A ride in a self-driving car

A ride in a self-driving car

Waiting in traffic and commuting is a pain. But what if one could text and read a book at the same time and not even look at the road. This could be a possible future for next-gen kids because of Google’s interest in cars that can self-drive. These google- self driving cars look like Volkswagen beetles with old fashioned cop car siren on top. This shape allows for sensors to work better. These cars are supposed to be able to detect vehicles from two football fields away accomplished using a combination of 3-D laser mapping, sonar, radar sensors and cameras. The car is run on electricity which saves green house gases. According to ensio.com 50 percent of all greenhouse gases emitted from the transportation sector could be cut down because of self-driving cars. 

Creative Commons. Michael Shick.

Google is right now self-driving with a steering wheel on the streets but drivers are instructed to only use the steering wheel only in terms of emergency. The reason Google is doing this is because they are eventually pushing for all cars to be without steering wheels. This push would leave the driver to the mercy of the car. According to forbes, Google insists that these cars will be on the road in five years. This new car is still under consideration by the California government which states that cars should have a steering wheel in case drivers need to suddenly take control of the car. 

Ninety-four percent of all crashes in the U.S. involve human error; therefore self-driving cars would reduce this drastically. But most of all, this tech would help the elderly or the disabled or even students who have not received their driver’s license yet. Even though this idea sounds amazing, or at least to me it does, it is far from perfect and is actually not done. This is because of issues like fender-benders, parking lots and eighteen-wheelers.  

Take a fender-bender for example, the human is not to blame with the established traffic rules because those only apply to regular cars. Also the car is not to blame because it is an inanimate object. My opinion about this is that both drivers should have to pay the company for damage because they choose to buy the car.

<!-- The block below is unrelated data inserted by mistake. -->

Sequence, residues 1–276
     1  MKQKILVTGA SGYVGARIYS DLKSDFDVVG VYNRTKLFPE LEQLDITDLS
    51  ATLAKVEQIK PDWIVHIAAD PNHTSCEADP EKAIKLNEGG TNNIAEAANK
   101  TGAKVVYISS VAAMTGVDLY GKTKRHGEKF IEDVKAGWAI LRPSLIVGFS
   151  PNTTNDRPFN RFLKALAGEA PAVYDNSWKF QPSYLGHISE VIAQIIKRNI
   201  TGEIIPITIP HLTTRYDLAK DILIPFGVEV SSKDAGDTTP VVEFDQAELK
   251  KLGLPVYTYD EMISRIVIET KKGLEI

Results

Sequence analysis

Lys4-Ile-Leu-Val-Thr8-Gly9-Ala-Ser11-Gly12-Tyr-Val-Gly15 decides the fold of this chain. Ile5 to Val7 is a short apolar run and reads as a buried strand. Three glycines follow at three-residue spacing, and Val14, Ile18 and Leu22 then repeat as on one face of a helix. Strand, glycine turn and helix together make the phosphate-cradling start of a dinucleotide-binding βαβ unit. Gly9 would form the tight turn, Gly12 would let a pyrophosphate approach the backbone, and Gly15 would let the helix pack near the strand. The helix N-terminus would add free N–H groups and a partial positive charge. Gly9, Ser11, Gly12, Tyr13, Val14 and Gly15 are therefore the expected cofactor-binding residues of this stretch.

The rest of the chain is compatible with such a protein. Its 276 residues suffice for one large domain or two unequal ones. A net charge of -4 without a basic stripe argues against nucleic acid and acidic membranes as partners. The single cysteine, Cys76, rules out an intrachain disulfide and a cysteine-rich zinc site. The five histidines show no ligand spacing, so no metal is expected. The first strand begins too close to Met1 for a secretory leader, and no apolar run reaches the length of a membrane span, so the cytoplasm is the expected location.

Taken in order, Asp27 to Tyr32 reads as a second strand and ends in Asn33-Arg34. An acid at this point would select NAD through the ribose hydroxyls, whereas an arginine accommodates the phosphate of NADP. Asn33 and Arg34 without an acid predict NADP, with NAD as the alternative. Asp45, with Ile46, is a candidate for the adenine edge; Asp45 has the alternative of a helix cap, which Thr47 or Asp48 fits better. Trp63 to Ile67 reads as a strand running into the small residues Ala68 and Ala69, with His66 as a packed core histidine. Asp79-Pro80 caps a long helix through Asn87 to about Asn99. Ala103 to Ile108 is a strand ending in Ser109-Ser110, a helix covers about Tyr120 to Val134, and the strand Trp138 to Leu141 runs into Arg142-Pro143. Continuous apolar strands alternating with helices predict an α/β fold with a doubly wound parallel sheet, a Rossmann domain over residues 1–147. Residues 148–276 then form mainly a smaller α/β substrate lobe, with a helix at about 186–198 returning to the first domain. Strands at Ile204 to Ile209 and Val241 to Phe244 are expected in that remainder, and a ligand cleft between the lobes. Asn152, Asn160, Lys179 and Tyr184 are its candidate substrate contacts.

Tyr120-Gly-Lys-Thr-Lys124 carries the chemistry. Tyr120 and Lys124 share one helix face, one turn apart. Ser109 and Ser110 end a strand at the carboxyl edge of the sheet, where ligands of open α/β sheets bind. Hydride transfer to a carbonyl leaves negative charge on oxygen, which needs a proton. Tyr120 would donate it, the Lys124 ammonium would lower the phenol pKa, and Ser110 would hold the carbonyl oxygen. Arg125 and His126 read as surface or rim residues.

Another interesting factor is parking lots. In a parking lot, the car would not know which slot to pick unless the driver picked it for them. Perhaps it would scan the parking lot first, then ask the driver where to park. Even then, what if there are regular cars parked too close to one side. Would the car park anyway and leave the driver possibly trapped inside. The car would also need to be intelligent enough to sense pedestrians walking around the parking lots.

Next, eighteen wheelers: would eighteen-wheelers and sixteen wheelers also be self-driving. In that case we have to consider that these vehicles make large turns and the other self-driving cars would have to be intelligent enough to communicate and make sure that the cars and the truck don’t crash.

And finally, do people require training to drive these cars. And if they did, how many months or years would it take to implement such training. And if there is no training, does this mean that kids as young as twelve can drive cars. This raises other interesting questions. 

But one of the most dangerous consequences is security. What if someone is able to hack into the google server and mess with the cars’ navigational systems and sensors. This could result in crashes and seem eerily apocalyptic.

Google still has these problems to fix but, I, for one, am excited for this new development.




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